Public Forum programs at risk
By Sybil Wa –
The future of the St. Lawrence Centre for the Arts is unknown during this time of economic uncertainty. As difficult choices are being weighed at City Hall, it is important for us to participate and shine light on the value of our community’s infrastructure.
After a piece of the city’s infrastructure is built and well used, it is easily taken for granted. We assume that the bridge that was crossed yesterday will be available for our use tomorrow. But soft infrastructure, or a well-established public service, is not secured with physical foundations and can disappear without ceremony.
This is a story about that kind of loss.
In 1970, Toronto’s Centennial Project, the St. Lawrence Centre for the Arts opened two new auditoriums in the heart of the city. One was named The Theatre (now the Bluma Appel Theatre) and the other was named The Town Hall (now the Jane Mallett Theatre).
Inside The Town Hall, there were nearly 500 seats and since it’s opening, these seats were made available on a regular basis for a civic program called the St. Lawrence Centre Forum.
For 40 years, the St. Lawrence Centre Forum welcomed the public to engage in moderated town hall discussions with experts, practitioners, and politicians …for free. Its commitment was to provide a space in the city for freedom of assembly, freedom of speech, and civic engagement.
Over the decades, a broad range of issues have inspired nearly 700 forum events and attracted unique panels that combined new speakers with well-known figures such as Adrienne Clarkson, Bob Rae, David Suzuki, Moses Znaimer, Jack Diamond, Margaret Atwood, and Dr. Henry Morgentaler. They are among more than 40 past panelists who have been bestowed with the Order of Canada and illustrate the diversity of contributors that the forum has brought to its audience.
However, in spite of the obvious value that the forums provided to the city (for which we are still grateful), funding to this program has been indefinitely discontinued and the forum microphones have been unplugged for over a year. Meanwhile, continued participation in internet commentary and street protests highlight the simple fact that a demand for dialogue still exists.
Teresa Bellefontaine, who was the Forum Director for nearly 15 years, recalls the popularity of the forums and the evenings when she would stand outside on the sidewalk and manage the disappointed latecomers who had to be turned away. The traditional Mayoral Candidate Debates, the Youth Forums for high school students, and the forums with controversial topics like the one titled “Black Youth and Education” are examples of past events that were lively and so well attended, they had to be moved into the adjacent 900 seat theatre.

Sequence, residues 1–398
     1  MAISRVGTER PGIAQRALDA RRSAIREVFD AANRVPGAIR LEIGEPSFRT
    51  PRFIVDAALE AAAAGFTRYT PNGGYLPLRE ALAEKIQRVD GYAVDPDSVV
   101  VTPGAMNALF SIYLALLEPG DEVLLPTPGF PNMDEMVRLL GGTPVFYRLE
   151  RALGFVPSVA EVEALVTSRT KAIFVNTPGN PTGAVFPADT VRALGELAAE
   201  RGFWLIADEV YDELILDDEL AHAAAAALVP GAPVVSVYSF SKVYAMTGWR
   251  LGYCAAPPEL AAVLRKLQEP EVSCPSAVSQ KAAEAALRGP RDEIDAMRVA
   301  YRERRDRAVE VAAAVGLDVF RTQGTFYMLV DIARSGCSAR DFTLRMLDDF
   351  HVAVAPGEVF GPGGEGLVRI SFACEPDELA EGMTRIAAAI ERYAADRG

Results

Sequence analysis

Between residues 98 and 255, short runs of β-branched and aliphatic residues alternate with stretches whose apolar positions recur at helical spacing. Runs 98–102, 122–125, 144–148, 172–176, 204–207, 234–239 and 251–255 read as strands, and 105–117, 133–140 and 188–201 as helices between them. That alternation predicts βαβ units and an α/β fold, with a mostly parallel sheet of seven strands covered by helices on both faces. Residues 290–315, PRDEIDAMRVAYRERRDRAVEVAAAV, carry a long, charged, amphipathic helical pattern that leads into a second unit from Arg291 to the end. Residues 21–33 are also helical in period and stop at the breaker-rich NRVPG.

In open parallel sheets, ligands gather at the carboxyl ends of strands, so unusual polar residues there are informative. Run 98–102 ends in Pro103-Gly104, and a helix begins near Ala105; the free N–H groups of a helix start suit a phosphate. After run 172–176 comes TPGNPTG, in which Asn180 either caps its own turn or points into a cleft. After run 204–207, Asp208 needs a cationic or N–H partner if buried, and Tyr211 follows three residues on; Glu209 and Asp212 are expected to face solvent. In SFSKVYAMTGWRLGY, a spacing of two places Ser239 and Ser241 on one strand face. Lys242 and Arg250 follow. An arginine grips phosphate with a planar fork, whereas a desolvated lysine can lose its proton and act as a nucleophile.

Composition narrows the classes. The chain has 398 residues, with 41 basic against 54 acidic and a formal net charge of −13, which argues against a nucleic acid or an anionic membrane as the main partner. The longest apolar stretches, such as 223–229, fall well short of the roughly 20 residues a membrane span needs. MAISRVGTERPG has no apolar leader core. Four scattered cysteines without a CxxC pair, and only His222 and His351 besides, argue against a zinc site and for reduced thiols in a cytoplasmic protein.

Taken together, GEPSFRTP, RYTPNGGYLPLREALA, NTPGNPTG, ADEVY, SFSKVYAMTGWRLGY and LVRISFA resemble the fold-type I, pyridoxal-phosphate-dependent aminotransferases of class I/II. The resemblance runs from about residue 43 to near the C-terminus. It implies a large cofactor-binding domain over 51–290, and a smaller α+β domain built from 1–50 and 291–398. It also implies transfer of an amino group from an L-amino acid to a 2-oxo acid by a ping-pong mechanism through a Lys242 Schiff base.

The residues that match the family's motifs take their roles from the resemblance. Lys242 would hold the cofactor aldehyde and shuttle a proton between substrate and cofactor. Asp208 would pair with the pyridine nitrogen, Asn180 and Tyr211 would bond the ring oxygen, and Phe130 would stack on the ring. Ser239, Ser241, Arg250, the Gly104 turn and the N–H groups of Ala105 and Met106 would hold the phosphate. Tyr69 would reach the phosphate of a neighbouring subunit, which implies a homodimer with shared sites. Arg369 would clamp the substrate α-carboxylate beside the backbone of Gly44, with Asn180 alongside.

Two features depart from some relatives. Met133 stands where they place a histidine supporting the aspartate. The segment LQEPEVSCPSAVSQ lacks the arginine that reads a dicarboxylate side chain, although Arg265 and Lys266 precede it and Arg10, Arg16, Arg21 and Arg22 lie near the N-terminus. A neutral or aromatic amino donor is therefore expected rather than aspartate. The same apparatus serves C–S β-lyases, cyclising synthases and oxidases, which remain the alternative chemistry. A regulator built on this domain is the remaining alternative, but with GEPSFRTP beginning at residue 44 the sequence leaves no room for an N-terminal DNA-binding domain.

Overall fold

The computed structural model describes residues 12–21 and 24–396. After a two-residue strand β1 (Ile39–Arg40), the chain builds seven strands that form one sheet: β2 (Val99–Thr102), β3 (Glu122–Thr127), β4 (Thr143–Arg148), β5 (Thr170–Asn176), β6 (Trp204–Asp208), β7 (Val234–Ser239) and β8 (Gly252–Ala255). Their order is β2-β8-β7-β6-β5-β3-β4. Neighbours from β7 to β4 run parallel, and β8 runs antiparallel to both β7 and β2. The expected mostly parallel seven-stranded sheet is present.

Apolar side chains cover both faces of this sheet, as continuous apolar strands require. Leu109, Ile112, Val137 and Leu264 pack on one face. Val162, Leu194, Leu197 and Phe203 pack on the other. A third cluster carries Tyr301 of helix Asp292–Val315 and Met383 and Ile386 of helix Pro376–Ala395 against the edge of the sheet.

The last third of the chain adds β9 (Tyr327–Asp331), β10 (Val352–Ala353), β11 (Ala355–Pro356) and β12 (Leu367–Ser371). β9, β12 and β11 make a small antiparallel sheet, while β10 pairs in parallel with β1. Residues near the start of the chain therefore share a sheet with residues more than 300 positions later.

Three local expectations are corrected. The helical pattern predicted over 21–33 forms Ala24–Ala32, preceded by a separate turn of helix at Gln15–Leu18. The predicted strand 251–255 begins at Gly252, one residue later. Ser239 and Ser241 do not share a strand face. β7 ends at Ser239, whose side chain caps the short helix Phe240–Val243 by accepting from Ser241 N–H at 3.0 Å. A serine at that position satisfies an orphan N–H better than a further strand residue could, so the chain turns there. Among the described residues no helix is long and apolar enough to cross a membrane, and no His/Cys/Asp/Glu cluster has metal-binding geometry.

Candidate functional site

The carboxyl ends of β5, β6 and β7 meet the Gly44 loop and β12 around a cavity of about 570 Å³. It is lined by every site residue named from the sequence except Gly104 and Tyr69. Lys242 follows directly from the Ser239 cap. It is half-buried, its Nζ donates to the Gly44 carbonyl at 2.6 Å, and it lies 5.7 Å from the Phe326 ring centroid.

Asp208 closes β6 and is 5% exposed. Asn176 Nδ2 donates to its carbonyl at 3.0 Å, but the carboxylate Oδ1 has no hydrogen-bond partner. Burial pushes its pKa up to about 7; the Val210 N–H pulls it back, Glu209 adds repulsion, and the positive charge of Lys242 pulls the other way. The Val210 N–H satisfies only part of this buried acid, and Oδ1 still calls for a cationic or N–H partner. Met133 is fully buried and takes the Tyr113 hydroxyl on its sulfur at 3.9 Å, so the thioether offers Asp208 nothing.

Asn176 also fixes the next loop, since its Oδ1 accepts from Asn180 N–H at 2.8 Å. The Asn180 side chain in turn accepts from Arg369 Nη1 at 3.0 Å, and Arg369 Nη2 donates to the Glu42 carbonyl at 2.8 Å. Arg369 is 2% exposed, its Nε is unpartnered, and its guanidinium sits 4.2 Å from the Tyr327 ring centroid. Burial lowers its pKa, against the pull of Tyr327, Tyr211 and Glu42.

In contrast, Ms. Bellefontaine recalls other forums that did not attract blockbuster crowds but that she considers equally valuable to the community. As an example, she described a forum about post-partum depression that was organized in response to tragic infanticides that were making headlines. The theatre was only half-full, but the forum allowed a quiet community of families to connect with each other, care providers, and policy makers.
Even with today’s aggressive budget agendas, it is our responsibility to maintain the forum program. Public funding is limited, but it isn’t the only resource at hand. With support and guidance from City Hall and the Board of Management at the St. Lawrence Centre for the Arts, a solution may be possible.
Councillor Carroll, a valued supporter, has emphasized the need for future forums and in particular, its responsibility to serve citizens and Councillors from all corners of the GTA.
Indeed, past forums have even attracted audience members from outside the GTA. At the forum titled “Politics of Food” rural farmers arrived in clusters and were eager to approach the open microphones. Their voices, along with many others, were captured by routine audio recordings and constitute an exceptional archive of Toronto’s evolving 40-year-old conversation with itself.
In Councillor McConnell’s words: “It was a place to hear about new ideas, share old stories and take positive action forward.”
And what about breaking today’s silence? We can only rebuild this essential piece of the city’s infrastructure one voice at a time.